Parts of Speech
Like all teachers, you can use parts of speech perfectly in speaking. But do you sometimes come unstuck in trying to explain them to your students? Learners need to understand parts of speech, and they will certainly ask you lots of tricky questions about them. Prepare yourself with this short primer.
What are parts of speech?
Words can be classified by the grammatical function they perform in a sentence (the job they do). For example, and very simply, verbs are actions, nouns are things. Verbs are one part of speech, nouns are another. There are nine parts of speech and each one has its own job.
In the table below notice that the words in each column are interchangeable. If you change them you will change the meaning but you will still have a grammatical sentence.
Another term for part of speech is word class.
You will often read that “An adjective qualifies a noun” or “An adverb modifies a verb”. To qualify or to modify just means to add more information (to a part of speech in this case). For example, car is a noun and red is an adjective. If we say red car we have qualified the noun with an adjective. Now we know more about the car.
How many parts of speech are there?
Depending on the exact classification used, grammarians may consider there to be 8, 9 or even 10 parts of speech. Generally speaking, most textbooks and websites today work on the basis of 9 parts of speech, as shown below.
A verb expresses action or state:
- action – do, go, run, look after, rain, stop
- state or changing state – be, have, seem, become, develop
A noun is a person, place or thing:
- person – boy, woman, teacher, Donald, Mary
- place – home, office, city, jungle, Europe
- thing – desk, car, apple, money, music, love, monkey
A pronoun stands for (pro-) a noun. It takes the place of a noun so that we don’t have to endlessly repeat the noun. There are several types of pronoun, for example:
- personal pronoun – I, me, you, he, him, she…
- demonstrative pronoun – this, that, these, those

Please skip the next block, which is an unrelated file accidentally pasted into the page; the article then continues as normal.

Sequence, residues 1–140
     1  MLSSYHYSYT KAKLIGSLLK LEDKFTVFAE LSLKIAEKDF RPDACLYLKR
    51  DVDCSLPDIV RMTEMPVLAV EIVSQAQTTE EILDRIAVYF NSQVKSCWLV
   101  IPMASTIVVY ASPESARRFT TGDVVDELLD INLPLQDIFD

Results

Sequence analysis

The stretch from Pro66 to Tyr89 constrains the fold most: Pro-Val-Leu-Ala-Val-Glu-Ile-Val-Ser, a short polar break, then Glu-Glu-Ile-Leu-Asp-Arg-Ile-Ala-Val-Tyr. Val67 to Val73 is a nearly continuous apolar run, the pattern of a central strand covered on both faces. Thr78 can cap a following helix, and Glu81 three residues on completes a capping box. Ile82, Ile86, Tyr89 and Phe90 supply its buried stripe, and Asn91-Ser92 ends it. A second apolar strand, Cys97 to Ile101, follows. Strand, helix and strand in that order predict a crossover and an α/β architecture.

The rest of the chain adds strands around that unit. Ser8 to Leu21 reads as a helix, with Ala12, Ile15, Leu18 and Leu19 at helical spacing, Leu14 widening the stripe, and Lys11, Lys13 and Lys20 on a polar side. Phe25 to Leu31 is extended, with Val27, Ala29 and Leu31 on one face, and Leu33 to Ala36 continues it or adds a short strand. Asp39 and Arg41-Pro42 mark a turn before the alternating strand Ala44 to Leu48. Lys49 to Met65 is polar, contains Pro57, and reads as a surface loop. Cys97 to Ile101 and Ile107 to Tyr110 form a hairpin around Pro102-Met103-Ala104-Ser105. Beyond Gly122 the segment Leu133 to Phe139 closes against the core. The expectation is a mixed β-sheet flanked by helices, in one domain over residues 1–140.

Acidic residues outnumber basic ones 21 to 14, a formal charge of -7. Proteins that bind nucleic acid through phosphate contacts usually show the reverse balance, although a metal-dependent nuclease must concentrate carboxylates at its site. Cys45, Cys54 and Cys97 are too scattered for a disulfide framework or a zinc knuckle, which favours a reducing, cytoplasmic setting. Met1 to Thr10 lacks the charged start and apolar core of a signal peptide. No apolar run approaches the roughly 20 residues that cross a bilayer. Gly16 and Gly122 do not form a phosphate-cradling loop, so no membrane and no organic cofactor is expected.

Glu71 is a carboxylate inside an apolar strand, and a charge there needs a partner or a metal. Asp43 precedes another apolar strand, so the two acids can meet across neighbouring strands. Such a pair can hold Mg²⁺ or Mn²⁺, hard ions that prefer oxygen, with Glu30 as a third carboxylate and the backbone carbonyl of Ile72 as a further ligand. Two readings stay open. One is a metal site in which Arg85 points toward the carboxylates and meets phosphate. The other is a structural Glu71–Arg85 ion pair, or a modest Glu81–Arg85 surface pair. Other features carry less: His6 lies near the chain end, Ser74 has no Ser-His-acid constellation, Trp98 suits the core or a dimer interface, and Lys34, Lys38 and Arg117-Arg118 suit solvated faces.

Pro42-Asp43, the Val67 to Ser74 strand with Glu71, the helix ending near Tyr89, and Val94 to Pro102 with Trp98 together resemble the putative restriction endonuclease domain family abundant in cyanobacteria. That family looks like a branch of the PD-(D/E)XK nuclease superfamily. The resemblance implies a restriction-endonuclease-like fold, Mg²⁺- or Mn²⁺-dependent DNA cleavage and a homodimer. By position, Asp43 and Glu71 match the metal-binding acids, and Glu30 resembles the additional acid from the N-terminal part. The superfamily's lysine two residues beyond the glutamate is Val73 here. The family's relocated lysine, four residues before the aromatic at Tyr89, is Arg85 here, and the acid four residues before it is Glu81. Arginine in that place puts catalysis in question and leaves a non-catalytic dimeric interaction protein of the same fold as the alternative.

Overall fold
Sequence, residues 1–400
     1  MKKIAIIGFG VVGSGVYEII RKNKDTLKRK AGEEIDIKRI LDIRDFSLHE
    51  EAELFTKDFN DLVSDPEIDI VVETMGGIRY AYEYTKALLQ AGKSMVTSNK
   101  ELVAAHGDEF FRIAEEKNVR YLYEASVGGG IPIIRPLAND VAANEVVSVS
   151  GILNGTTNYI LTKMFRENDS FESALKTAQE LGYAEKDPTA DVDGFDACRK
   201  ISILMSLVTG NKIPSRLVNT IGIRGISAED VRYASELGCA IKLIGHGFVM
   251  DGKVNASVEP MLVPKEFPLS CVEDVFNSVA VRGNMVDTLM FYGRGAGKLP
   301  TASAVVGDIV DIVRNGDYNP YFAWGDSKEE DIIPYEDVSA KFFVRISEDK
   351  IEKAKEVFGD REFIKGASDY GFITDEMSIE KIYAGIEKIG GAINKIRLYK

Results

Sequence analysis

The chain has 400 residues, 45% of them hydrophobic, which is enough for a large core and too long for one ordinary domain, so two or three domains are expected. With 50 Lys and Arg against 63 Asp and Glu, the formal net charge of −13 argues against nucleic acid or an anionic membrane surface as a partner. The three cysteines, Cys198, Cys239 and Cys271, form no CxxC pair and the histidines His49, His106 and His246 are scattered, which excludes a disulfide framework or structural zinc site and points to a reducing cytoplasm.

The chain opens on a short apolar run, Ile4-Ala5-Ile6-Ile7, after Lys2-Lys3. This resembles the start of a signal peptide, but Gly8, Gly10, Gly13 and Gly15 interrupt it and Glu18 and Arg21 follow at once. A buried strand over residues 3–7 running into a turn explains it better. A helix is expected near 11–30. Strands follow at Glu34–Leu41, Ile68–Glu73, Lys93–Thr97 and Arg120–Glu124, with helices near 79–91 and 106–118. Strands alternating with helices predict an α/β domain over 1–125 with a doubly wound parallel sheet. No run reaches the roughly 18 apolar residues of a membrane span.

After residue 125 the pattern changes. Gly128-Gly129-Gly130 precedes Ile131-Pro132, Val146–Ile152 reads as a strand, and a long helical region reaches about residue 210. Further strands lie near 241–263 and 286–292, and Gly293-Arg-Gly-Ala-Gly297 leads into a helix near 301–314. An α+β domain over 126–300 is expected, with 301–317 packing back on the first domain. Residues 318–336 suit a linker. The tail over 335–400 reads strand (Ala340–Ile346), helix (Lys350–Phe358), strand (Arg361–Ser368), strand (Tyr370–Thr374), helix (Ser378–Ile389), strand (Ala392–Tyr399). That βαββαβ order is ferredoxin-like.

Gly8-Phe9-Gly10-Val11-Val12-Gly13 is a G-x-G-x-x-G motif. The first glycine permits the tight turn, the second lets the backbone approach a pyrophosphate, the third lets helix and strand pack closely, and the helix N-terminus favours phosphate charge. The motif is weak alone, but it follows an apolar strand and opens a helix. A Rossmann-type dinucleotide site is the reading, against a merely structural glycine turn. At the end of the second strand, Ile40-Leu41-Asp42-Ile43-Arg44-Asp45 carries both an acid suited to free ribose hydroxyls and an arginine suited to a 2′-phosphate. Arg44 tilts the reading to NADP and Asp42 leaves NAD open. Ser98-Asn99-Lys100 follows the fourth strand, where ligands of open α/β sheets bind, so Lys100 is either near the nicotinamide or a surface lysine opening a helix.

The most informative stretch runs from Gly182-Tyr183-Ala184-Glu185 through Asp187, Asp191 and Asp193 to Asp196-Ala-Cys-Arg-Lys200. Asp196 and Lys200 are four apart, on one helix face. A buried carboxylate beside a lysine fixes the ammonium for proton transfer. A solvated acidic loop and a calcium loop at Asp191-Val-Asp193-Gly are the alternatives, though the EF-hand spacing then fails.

- possessive pronoun – mine, yours, his…
An adjective qualifies, modifies or tells us more about a noun or pronoun:
- adjective modifying noun before noun – a big dog, a dark sky, a boring film
- adjective modifying noun after verb – Your dog looks big. The sky became dark. Their film seemed boring.
- adjective modifying pronoun after verb – They were full. It seemed believable. Those are not cheap.
Most but not all adverbs end in -ly. An adverb can:
- qualify a verb – usually sleep, run quickly, work hard
- qualify an adjective – a very big dog, be strangely quiet
- qualify another adverb – very quickly, probably soon
A determiner is a word that introduces a noun. There are several kinds of determiner, for example:
- article determiner – a cup, an egg, the music
- demonstrative determiner – this idea, those animals
- possessive determiner – my house, your sister, its outcome…
A preposition usually come before (pre-) a noun or pronoun and relates that noun or pronoun to other words in the sentence. It typically describes something’s place in space or time, or the manner in which something is done, for example:
- preposition of place – inside the box, under it, over the shop
- preposition of time – in July, after Monday, at 10am
- preposition of manner – by email, without speaking, on foot
A conjunction joins words, phrases and clauses. There are two main types of conjunction:
coordinating conjunction – They ate bread and butter. The water was cold so she didn’t go swimming.
subordinating conjunction – Ram went swimming although it was cold. When he got home he had a shower.
An interjection or exclamation is a small word with no grammatical value that expresses emotion such as surprise, pleasure or anger. It is often followed by an exclamation mark (point) and may stand alone or be written into the sentence:
- interjection examples – Hey! Don’t be so lazy! Well, let’s think about it. Ouch! That hurts!
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